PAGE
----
All Articles Tagged "black women"
Dear Lovely Dream Chaser,
Congratulations on your ferocity! If it were up to the world, you would be too paralyzed with fear to push into the unknown and too reliant on the comforts of routine to compromise your professional stability. But here you are—launching a business, pursuing a promotion, carving an entirely new position where there’s never been one before—fully immersed in the vision that takes up too much space in your heart to be ignored.
Mornings find you excited about advancements, however small, that entice you forward. Nights aren’t really nights at all, but a blur of working hours strung together with intense focus on the goal. You’re getting better every day and in the process, you’re getting closer. It’s happening as we speak.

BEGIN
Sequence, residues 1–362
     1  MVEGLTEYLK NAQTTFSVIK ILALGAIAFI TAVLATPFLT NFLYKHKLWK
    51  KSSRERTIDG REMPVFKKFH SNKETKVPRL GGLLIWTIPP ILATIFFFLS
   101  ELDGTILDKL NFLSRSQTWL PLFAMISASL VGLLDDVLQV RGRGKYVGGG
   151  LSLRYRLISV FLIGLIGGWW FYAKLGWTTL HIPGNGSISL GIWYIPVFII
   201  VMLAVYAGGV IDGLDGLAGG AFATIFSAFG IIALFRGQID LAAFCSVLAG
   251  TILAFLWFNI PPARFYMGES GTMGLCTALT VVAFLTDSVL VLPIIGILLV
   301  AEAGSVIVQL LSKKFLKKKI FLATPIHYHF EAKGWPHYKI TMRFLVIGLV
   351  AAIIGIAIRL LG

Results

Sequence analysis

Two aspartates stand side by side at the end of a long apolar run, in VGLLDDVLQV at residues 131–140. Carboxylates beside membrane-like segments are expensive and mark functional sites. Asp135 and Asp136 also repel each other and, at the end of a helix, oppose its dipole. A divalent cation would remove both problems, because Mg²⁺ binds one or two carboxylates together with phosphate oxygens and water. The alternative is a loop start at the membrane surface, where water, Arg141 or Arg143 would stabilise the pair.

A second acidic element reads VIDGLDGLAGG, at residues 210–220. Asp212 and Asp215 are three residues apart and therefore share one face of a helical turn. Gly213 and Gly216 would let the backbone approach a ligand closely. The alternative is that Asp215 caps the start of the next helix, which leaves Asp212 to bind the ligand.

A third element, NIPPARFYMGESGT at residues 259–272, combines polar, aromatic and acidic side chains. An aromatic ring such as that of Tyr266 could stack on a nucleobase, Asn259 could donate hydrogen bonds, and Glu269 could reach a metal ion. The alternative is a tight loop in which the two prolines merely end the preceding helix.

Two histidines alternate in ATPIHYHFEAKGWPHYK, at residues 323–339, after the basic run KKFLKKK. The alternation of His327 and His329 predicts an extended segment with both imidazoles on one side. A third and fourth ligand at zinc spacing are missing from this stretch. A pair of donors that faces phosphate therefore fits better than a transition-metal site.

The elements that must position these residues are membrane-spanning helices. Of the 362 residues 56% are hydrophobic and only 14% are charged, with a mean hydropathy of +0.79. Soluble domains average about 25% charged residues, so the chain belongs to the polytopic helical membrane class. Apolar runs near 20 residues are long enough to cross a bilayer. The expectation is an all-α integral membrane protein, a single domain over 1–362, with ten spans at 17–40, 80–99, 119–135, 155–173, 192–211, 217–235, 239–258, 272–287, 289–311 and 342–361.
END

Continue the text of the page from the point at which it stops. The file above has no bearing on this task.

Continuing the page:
When a woman is a go-getter in her professional life, she’s a go-getter all the way. Rare is she who can straddle the line of kinda sorta being passionate about her career. She either is or she isn’t. And when she is, she has where she wants to go clearly mapped out in her mind while she works an alternate plan in the meantime or she’s actively doing the thing, inching, stepping, maybe even rocketing toward the end game, but making some kind of movement ahead.
As exhilarating as chasing the dream is, it doesn’t come without potentially damaging sacrifices to your holistic health. Much attention is being paid to the benefits of physical care and that is inarguably essential. But your mind and your spirit, the core of who you are, also need to be preserved, even bolstered, as a gauntlet of unforeseen issues and problems challenge your internal peace. There’s no way you can weather the highs and lows of certain uncertainty and enjoy increasing levels of achievement when you’re offering your mental and spiritual health as a living sacrifice to the very objectives you need them intact to carry out.